We’d like to begin by expressing our appreciation for the tremendous turnout we received for the Appreciative Inquiry sessions.  Over 300 people participated in numerous groups.  By all accounts the conversations were rich and rewarding, and if the process went no further that in itself would mark a success.  In the March at team led by Tim Pearson read every single response sheet and quantified them in a spreadsheet. By looking at repeating themes, several narratives became apparent.  In April, a new team, this time led by yours truly, will take those themes and develop some Provocative Proposals, aspirational Calls-to-Action that the Board and the Senior Minister Search Committee can use as we move ever closer to our church of tomorrow.  We look forward to sharing those with you.
And Coming Soon…… The next project the Transition Team will embark on revolves around the various ministry teams in the congregation.  We plan to meet with virtually all of the groups who do the work of the church, and through conversations with each group we’ll hear how these teams see their particular mission, how that mission supports the larger mission of the church, and how they practice decision making and leadership succession.  We will neither offer guidance nor advice,we are there to simply listen. The purpose of these conversations is purely to invite these groups to consider how they currently function, and by extension how they might function even better and sustain their worthy efforts for the long haul.  These conversations should be enlightening and enriching, and we look forward to launching this project in May.  Look for us at a meeting near you!
In recognition that our time with Reverend David Keyes will soon be drawing to a close, the Transition Team would be remiss if we did not offer our gratitude for the wise council and deep wisdom he has imparted to us.  The time of transition will continue after he’s gone, but the groundwork we’ve laid together will serve us well in the work still ahead of us.
In Faith,
Lenny Scovel on behalf of the Transition Team

Our Caring Community – Guest Post by Rebecca Williamson

“Remember there’s no such thing as a small act of kindness. Every act creates a ripple with no logical end.” – Scott Adams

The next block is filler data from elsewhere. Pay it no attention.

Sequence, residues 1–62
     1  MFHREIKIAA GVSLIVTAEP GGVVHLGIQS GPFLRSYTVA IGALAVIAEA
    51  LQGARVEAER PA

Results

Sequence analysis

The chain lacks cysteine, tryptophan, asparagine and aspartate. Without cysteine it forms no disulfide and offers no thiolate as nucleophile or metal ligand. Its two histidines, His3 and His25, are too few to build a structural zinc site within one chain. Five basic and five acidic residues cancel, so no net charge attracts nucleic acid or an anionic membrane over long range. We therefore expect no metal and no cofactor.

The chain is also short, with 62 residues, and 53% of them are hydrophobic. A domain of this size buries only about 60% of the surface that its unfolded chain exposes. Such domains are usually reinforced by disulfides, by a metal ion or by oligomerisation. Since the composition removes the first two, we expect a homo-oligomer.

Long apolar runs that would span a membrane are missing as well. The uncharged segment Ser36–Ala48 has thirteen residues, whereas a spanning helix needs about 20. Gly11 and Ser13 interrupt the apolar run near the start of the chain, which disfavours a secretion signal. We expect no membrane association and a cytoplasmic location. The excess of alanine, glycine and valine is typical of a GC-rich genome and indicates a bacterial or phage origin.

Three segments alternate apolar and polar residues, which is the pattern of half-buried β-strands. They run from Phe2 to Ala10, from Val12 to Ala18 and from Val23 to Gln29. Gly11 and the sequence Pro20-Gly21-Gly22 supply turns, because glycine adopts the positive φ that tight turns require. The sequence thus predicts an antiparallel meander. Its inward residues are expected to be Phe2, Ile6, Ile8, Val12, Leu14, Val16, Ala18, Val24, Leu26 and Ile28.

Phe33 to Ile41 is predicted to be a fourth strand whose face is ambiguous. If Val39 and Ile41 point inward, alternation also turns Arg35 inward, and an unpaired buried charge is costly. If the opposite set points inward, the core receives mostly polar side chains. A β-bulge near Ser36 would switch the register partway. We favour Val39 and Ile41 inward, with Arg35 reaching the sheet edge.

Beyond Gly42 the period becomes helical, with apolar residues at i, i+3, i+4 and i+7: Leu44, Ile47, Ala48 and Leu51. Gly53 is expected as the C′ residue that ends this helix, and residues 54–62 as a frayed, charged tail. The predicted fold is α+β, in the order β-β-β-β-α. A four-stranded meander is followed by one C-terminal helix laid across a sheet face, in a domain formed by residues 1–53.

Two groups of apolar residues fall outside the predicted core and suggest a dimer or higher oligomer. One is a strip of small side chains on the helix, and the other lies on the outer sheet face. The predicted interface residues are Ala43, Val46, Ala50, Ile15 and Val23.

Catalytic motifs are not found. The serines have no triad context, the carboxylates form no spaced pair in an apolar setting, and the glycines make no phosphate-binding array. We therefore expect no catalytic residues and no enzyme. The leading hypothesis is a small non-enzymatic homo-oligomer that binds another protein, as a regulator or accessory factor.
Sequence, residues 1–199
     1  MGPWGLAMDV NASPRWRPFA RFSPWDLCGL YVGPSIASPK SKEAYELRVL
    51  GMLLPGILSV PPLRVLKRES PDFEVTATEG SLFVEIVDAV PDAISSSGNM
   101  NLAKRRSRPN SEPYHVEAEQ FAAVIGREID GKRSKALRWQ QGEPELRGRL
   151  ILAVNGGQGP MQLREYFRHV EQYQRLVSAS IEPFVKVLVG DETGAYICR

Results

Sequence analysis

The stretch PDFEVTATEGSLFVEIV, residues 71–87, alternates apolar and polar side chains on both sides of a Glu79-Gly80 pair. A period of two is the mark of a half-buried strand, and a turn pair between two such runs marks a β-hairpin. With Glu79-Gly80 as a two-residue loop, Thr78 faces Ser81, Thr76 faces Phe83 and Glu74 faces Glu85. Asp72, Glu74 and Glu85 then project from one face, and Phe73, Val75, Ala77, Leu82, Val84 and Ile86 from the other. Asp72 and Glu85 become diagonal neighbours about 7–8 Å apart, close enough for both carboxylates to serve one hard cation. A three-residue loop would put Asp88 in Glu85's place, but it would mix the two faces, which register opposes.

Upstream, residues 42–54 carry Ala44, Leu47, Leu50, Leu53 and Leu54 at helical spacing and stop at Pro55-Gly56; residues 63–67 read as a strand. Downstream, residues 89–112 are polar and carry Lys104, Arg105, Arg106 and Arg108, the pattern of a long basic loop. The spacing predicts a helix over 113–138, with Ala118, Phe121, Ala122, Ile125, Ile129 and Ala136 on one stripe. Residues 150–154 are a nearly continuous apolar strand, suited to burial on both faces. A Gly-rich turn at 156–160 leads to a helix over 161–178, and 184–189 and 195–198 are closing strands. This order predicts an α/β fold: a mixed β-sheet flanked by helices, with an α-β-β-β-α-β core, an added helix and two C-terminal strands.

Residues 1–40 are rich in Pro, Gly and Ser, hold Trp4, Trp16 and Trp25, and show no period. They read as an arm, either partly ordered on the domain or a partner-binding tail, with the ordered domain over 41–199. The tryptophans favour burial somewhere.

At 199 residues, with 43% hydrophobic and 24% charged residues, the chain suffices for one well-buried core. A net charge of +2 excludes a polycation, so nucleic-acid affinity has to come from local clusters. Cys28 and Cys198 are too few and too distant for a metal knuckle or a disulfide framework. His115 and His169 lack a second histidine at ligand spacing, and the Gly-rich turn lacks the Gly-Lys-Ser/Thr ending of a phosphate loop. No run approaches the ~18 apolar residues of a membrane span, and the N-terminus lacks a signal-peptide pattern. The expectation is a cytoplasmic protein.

Small acts of kindness – that is the mission of the Caring Team at Foothills. We, with the helpand support of each of you, strive to support Church members and friends in times of need. Some of the small acts of kindness the Caring Team coordinates or provides on a short term basis are:

  • Meals for members and friends of the Church in time of serious illness, death, or other family crisis
  • Rides to Church services or other Church functions
  • Provide and serve simple refreshments when requested following memorial services held at the church

We also coordinate, provide or participate in:

  • the Caring Card Table between services, sending cards to members and friends in recognition and support of important life events
  • a Share the Care team when a family requests the significant resources that team provides
  • sponsorship of Powerful Tools for Caregivers trainings and groups
  • the Parish Visitor program
  • the promotion of the Caring Stars program during the holidays
  • other events/activities that promote community and support within the Church

None of these activities can be carried out without your kindness and willingness to help fellow Church members. A special thanks goes to each of you who have so often contributed your time, talent, and resources to benefit Church members and friends in time of need.

If you know of a Church member or friend who is in need, please use the address and it will be routed to the caring person on-call.  You can also call the office directly.

Would you like to join our Caring Team? We’d love to have you! Our next meeting will be May 21at 7:00 pm in the RE building – please express your interest to Rebecca Williamson at

Proposed Bylaws Revisions, to be Considered at a Special Congregational Meeting April 19, 2015